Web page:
Glaucoma occurs when the pressure inside the eye is high enough to pinch off the circulation of the optic nerve in the back of your eye. The optic nerve is like a telephone cable. When the cable is damaged you start to lose the connections between the eye and brain. This leads to gradual blindness if not treated properly.
Yes, a family history of glaucoma increases your risk of developing glaucoma by two to ten times depending on the closeness of the relationship. If you have glaucoma, all of your blood relatives need to be informed and they need regular eye exams to watch for it. Age is also a risk factor. After age 40 the risk starts to rise each year.
Clear fluid flows in and out of small space at the front of the eye called the anterior chamber. This fluid bathes and nourishes nearby tissues. If this fluid drains too slowly, pressure builds up and damages the optic nerve. Though this buildup may lead to an increase in eye pressure, the effect of pressure on the optic nerve differs from person to person. Some people may get optic nerve damage at low pressure levels while others tolerate higher pressure levels.
Glaucoma tends to run in families. If you have several family members with glaucoma, you are at a significantly increased risk of developing glaucoma. Glaucoma is more prevalent as people get older. It is also more common in people with diabetes, uncontrolled hypertension (high blood pressure), or certain other medical conditions. Your risk also increases if you are severely nearsighted or farsighted or if you have a history of certain eye conditions or eye injuries.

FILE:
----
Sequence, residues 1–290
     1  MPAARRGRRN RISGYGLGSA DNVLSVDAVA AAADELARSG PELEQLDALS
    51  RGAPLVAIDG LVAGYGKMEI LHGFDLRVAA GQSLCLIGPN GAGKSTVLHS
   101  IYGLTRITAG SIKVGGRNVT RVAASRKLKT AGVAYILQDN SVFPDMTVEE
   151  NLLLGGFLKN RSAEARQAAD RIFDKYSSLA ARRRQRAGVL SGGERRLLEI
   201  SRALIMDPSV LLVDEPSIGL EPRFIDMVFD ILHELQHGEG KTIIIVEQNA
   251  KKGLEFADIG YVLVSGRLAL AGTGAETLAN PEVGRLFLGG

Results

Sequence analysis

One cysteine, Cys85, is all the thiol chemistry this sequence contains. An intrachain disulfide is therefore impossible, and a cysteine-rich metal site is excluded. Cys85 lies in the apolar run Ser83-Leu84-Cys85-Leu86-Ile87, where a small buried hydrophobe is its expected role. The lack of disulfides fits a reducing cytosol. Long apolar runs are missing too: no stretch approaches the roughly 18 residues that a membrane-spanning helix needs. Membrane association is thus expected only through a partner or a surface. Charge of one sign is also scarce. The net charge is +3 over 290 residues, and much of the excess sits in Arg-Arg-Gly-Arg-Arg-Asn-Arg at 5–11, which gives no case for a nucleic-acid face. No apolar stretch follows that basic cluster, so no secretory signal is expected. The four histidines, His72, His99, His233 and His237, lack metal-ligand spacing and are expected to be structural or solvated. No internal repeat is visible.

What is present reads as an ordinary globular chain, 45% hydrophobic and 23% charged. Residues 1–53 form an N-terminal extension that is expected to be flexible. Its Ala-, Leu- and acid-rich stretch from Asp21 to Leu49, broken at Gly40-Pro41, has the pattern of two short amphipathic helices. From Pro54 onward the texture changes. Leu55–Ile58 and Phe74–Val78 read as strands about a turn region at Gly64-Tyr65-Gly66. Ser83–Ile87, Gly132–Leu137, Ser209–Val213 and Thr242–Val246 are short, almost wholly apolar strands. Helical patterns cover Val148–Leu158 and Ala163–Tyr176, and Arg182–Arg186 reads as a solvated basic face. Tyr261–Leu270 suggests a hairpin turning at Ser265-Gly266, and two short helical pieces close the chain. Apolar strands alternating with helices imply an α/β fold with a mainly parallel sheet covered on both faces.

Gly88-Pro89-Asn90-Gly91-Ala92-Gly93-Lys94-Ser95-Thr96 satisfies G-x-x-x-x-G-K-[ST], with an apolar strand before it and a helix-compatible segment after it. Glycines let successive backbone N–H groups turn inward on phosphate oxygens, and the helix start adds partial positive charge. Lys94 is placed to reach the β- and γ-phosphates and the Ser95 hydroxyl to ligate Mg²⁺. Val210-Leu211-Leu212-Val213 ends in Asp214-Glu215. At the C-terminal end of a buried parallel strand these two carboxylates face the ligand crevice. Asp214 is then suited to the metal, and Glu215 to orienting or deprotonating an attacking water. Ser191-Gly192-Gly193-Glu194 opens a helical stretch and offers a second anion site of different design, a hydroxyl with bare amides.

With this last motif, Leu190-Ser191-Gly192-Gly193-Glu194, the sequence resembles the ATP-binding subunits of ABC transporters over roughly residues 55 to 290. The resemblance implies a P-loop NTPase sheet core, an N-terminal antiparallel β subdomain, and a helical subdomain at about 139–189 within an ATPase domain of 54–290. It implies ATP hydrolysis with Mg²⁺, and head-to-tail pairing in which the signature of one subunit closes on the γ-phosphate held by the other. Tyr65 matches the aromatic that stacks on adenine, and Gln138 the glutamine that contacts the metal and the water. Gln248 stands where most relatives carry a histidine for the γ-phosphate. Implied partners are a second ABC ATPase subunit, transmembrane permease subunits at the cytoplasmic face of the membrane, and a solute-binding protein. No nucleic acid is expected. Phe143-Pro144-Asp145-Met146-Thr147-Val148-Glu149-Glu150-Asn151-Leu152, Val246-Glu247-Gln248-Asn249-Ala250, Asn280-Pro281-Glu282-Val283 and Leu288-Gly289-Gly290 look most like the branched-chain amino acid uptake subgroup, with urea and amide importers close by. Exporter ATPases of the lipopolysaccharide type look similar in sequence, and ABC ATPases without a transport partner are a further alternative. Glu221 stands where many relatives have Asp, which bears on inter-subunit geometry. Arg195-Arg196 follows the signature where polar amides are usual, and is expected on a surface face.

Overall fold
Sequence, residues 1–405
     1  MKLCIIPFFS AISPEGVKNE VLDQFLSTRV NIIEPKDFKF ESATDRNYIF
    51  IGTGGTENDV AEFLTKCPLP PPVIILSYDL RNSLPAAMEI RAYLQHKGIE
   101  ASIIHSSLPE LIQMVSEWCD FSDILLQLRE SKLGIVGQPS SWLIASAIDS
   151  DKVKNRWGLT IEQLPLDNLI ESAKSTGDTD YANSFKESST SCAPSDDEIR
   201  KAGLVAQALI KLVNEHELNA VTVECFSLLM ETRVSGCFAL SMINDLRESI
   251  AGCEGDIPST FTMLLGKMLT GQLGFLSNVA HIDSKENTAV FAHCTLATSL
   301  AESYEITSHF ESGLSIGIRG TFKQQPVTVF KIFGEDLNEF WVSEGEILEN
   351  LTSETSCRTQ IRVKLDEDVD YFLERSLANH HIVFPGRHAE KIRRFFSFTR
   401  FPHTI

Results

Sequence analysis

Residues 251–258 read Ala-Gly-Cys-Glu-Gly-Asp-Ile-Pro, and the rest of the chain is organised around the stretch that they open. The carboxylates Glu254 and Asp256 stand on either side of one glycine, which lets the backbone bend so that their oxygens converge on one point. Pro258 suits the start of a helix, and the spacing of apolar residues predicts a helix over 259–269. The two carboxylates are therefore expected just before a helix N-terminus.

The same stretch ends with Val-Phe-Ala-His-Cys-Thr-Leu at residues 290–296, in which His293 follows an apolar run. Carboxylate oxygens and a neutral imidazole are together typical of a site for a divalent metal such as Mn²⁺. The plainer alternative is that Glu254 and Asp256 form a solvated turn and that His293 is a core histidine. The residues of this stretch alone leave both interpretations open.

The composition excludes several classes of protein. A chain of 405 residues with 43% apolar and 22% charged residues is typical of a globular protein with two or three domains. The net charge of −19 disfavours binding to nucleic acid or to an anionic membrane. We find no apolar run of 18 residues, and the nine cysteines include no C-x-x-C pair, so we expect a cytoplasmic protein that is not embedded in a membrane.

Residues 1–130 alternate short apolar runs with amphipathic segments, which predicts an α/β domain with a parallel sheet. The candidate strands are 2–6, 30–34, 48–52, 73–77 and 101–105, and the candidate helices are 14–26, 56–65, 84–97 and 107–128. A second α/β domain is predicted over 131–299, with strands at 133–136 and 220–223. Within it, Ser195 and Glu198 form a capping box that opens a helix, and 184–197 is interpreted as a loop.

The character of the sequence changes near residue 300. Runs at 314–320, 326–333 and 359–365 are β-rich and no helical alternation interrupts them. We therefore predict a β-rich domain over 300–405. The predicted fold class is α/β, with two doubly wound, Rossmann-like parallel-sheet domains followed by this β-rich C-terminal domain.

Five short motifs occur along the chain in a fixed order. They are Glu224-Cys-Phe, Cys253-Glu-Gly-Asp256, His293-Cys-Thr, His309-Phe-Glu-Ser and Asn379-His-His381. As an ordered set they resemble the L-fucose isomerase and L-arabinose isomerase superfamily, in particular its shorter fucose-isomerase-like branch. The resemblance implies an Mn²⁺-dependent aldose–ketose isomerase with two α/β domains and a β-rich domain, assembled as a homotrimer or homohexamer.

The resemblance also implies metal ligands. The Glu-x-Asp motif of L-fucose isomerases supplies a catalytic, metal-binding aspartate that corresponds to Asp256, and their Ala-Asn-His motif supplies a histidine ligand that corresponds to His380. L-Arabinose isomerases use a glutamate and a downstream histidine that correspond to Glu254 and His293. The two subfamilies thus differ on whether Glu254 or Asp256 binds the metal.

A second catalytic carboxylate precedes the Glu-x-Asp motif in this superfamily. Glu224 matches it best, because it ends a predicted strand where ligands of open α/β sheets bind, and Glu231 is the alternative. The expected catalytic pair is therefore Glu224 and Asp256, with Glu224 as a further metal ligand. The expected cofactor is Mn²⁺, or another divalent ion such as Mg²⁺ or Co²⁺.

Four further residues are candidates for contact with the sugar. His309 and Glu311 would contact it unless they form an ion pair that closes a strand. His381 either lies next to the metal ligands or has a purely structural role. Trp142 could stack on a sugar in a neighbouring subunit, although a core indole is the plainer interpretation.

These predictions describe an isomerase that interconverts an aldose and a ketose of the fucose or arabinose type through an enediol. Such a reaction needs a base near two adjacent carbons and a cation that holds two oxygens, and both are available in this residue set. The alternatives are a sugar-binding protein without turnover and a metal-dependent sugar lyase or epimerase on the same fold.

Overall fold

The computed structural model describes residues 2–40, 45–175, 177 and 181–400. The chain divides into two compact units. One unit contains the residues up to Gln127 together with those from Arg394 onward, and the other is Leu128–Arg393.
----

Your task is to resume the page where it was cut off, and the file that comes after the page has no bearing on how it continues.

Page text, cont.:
No. Glaucoma is like high blood pressure in that medication does not cure the disease, but it does treat it, preventing further damage. Fortunately we have many good medications available now that are very effective and have few side effects. . New and exciting medications are also under development now.
The frequency of your checkups depends on the severity of your glaucoma. If the glaucoma is extremely mild or if you are a low-risk glaucoma suspect, you may only need to be examined on an annual basis. For more severe glaucoma, examinations may need to be done monthly, or possibly even more frequently, until the glaucoma stabilizes. Once the glaucoma is stable, examinations every 3-6 months are usually appropriate.
If diagnosed at an early stage, glaucoma can often be controlled and little or no further vision loss may occur. If left untreated, first peripheral vision and then central vision will be affected and blindness may result.
Unfortunately, any vision loss as a result of glaucoma is usually permanent and cannot be restored. This is why regular preventive eye examinations are so important. Low vision rehabilitation services, that include the use of specialized optical devices and training, may benefit individuals with severe vision loss.
No, but early detection and treatment can control glaucoma and reduce the chances of damage to the eye and a loss of sight.